Tag: "health care quality"

Headlines I Wish I Hadn’t Seen

Te1tu7pmwfxbajkvyuruhhe NSA collects 200 million text messages a day.

Electronic medical records: They don’t save money and they don’t improve quality, but they do allow hospitals to bill more. HT: Jason Shafrin.

Judge rewrites ObamaCare law to allow people to get tax subsidies in the federally run exchanges. See Background posted by Michael Cannon.

Latino (Free Enterprise) Medicine

A year old story that’s worth revisiting:

The so-called bodega clinicas that line the streets of Los Angeles’ immigrant neighborhoods blend into a dense forest of commerce. Wedged between money order kiosks and pawn shops, these storefront doctors’ offices treat ailments for cash: a doctor’s visit is $20 to $40, a podiatry exam is $120 and at one bustling clinica, a colonoscopy is advertised on an erasable white board for $700.

Clinicas-bodegas-1County health officials describe the clinicas as a parallel health care system, servicing a vast number of uninsured Latino residents, yet the officials say they have little understanding of who owns and operates them, how they are regulated and the quality of the medical care they provide…

Visits to more than two dozen clinicas in South Los Angeles and the San Fernando Valley found Latino women in brightly colored nurses scrubs handing out cards and coupons that promise everything from pregnancy tests to tubal ligations. Others advertise evening and weekend hours, and, some 24-hour a day operations trumpet that they are “nunca cerramos” — never closed. That all-hours access — and up-front pricing — is critical, Latino health experts say, to a population that often works low-wage, around-the-clock jobs.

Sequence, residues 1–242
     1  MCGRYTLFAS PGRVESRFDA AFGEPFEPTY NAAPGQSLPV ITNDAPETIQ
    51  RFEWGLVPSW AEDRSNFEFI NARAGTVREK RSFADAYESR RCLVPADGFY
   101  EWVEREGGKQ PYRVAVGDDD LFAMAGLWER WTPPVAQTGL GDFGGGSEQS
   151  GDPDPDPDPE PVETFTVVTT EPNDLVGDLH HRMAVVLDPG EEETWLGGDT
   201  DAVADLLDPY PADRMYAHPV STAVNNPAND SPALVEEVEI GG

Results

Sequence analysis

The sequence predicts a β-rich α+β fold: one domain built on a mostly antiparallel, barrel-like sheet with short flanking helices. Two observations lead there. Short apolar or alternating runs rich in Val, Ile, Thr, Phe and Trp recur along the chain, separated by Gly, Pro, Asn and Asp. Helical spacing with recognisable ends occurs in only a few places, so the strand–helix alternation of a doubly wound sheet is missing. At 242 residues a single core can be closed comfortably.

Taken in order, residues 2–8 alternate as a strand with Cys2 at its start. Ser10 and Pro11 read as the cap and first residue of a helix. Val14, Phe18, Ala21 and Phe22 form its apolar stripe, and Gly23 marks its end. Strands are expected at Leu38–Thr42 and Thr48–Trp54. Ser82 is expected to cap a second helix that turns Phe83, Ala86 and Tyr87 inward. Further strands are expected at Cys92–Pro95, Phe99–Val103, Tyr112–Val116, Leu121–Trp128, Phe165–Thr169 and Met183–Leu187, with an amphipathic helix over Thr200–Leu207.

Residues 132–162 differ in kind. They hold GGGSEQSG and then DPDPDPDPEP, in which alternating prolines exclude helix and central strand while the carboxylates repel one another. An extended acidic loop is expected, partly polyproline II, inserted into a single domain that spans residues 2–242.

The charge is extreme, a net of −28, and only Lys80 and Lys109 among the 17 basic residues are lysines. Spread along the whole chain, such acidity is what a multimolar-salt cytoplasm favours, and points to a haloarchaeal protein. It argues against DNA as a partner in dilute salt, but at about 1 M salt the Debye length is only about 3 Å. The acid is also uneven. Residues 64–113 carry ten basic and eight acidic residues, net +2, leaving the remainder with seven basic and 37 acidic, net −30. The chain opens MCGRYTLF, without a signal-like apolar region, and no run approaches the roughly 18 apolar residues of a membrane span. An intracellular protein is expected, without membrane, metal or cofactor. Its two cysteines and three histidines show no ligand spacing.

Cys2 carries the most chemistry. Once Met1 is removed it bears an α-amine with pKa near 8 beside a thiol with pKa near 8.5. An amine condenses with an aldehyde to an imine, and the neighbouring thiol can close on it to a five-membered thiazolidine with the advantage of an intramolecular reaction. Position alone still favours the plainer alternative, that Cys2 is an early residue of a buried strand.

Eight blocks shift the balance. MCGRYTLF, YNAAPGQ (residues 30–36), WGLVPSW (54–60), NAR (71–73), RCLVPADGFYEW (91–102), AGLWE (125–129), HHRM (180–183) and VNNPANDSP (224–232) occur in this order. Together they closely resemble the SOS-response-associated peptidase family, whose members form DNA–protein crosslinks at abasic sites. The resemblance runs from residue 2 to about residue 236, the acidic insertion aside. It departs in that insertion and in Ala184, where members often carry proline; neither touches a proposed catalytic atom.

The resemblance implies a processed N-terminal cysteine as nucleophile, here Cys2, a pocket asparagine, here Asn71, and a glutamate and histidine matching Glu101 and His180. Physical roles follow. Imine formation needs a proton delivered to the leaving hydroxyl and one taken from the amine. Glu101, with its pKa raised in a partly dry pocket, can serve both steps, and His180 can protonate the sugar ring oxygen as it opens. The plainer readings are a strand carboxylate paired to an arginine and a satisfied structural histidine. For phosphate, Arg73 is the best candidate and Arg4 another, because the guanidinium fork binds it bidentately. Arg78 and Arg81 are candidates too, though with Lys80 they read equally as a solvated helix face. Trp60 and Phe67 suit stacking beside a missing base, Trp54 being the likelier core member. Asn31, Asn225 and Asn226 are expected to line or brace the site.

Also important, officials say, is that new immigrants from Mexico and Central America are more accustomed to a corner clinica, which is common in their home countries, than to the sprawling medical complexes or large community health centers found in the United States. And they can get the kind of medical treatments — including injections of hypertension drugs, vitamin solutions delivered intravenously and liberally dispensed antibiotics — that are frowned upon in traditional American medicine. (KHN/NYT)

High-Tech Innovations in Medicine

  • Virtual Care: Doctors in remote ‘command centers’ are increasingly keeping tabs on vital signs of patients in intensive-care units.
  • Medical Detectives: Got a hard-to-diagnosis ailment? Patients can now post their symptoms online and offer a reward for a diagnosis from a host of doctors.
  • Doctor on Demand: You can have a virtual consultation with a physician for nonemergency medical issues.
  • Personal Care: Bedside tablets let hospital patients text the nurse. Patients can check their own charts and lab results.
  • Transparency: New insurance tools let patients compare the price of care between hospitals and calculate out-of-pocket costs.

More on the WSJ.

Hits and Misses

Patieartificial-heartnt receives world’s first artificial heart.

McDonald’s tells employees to avoid fast food.

Can you get lifetime protection against the flu?

ObamaCare Christmas carol.

Moderate alcohol consumption boosts immunity.

Worm is a breakthrough for artificial life: Each cell is being simulated one-by-one, along with neuron links between them.

Headlines I Wish I Hadn’t Seen

521063-fish-oilModern day snake oil: Fish oil benefits oversold.

Massachusetts exchange having the same technical glitches as other states.

More than eight in ten U.S. cancer specialists have struggled to find the drugs they need to best treat their patients.

Britain’s NHS: Mothers were abandoned by their midwives during labour; serious hospital mistakes happen as often as five times a week.

More on the NHS: Over the last six months, there have been 37 cases of patients who received surgery on the wrong part of their body.

The Last of Life, For Which the First Was Made?